Have you ever wondered why we see so little pearls on catwalks? Pearls are one of the most feminine and universally flattering gemstones and yet they often get a cold shoulder from the fashion designers of this world. Naturally there are notable exceptions, such as Chanel, but overall most fashion power houses will readily choose sparkly diamonds or bold-colored sapphires, rubies, or emeralds over delicate and shimmery pearls.
I have given this a lot of thought, and I finally settled on red carpet events as at least one of the guilty parties. Why, you ask? Let me explain.
|Izabel Goulart wearing emerald statement necklace and Dita Von Teese rocking pearl earrings at Cannes Film Festival|
Photos via Harper's Bazaar
On one hand, we have flash-hungry celebrities that want to shine during such events. Figuratively, yes, but mostly they want to literally exude sparkle from every earlobe, finger, neckline, or toe. They want to be seen and admired. They work closely with fashion designers to put together head-turning outfits and accessories in the hope that they’ll help to maximize their media presence. On the other hand, outfits seen at the Oscars, Grammy’s, or MTV Awards, just to mention three, all set the tone for the current and upcoming fashion trends, so designers produce their trend-setting jewelry pieces to be shown off during such events. Again, this means most of them are more likely to create over-the-top, daring, and highly visible pieces (read: *Bling*Bling* ;o)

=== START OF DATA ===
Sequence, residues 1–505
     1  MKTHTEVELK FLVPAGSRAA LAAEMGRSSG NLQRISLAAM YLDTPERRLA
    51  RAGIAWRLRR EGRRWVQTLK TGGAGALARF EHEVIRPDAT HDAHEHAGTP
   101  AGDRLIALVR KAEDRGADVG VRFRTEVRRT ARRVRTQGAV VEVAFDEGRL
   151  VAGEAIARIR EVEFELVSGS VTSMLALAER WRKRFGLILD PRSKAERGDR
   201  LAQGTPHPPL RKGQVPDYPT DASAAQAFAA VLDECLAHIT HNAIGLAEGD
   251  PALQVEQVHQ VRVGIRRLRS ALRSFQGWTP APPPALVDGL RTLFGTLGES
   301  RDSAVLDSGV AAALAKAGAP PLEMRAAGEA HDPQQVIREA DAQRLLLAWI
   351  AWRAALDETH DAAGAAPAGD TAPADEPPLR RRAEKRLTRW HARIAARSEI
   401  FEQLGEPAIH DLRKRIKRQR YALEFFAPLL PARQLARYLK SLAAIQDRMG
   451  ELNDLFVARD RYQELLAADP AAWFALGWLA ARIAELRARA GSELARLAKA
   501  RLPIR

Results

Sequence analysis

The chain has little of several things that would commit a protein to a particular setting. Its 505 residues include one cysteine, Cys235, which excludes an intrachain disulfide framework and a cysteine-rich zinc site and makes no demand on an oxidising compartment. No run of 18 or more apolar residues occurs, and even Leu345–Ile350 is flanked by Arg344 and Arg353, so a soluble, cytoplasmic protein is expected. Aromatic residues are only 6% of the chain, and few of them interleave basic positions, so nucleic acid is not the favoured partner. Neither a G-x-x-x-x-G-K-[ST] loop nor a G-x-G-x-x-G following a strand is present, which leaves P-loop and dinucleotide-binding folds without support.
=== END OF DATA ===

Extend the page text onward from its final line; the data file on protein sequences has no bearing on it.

|Emily Blunt wearing ruby earrings to Golden Globes and Zoe Saldana adorned with pearl earrings in Cannes|
Photos via Harper's Bazaar and Trend911
Unfortunately, one of the easiest ways of attracting the general public’s attention – you and me! - or that of photographers to begin with, is to wear something bold and/or sparkly that screams big money. As often as not, the resulting jewelry pieces are not feminine, maybe not even flattering - but definitely loud and audacious. As for the pearls, well… their delicate shine suffers and their beautiful colors tend to disappear when overpowered by the strong flashes of today’s cameras, so they are not as photo-attractive on the red carpet as their more sparkly and colorful alternatives. Also, from a designer’s point of view, pearls are more difficult to work with because their special sheen, voluptuous forms, and ethereal appeal require more creativity in marrying them with modern and daring styles. In consequence, the fashion scene has fallen in love with the fire of diamonds and the boldness of rubies. Don’t get me wrong, I love diamonds and colored gemstones too - but I would love to see more pearls on today’s catwalks.
So if you are a designer and reading this: Hi there! Please include pearls in your fashion repertoire. We love them dearly and they love us back even more. I dare you, show me one woman who doesn't look good in pearls!
PS. Luckily, I have noticed some changes in this bling-fever. Details in our next blog post :o)